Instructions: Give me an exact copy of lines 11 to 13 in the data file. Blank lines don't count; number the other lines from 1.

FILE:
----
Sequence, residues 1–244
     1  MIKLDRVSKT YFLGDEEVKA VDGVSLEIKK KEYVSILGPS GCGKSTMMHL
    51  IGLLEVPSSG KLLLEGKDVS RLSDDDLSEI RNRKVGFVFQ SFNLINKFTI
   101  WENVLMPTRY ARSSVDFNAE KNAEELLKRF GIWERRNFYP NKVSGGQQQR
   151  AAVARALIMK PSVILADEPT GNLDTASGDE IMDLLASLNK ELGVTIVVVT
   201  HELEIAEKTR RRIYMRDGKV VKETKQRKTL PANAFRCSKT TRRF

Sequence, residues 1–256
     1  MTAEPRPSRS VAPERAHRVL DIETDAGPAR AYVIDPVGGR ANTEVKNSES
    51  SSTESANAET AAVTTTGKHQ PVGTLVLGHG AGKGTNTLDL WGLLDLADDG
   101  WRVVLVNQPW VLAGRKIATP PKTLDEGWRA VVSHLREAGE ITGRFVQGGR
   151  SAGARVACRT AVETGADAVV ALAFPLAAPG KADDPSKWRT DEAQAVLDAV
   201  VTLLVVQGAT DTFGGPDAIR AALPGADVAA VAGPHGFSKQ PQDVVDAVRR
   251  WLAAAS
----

   151  SAGARVACRT AVETGADAVV ALAFPLAAPG KADDPSKWRT DEAQAVLDAV
   201  VTLLVVQGAT DTFGGPDAIR AALPGADVAA VAGPHGFSKQ PQDVVDAVRR
   251  WLAAAS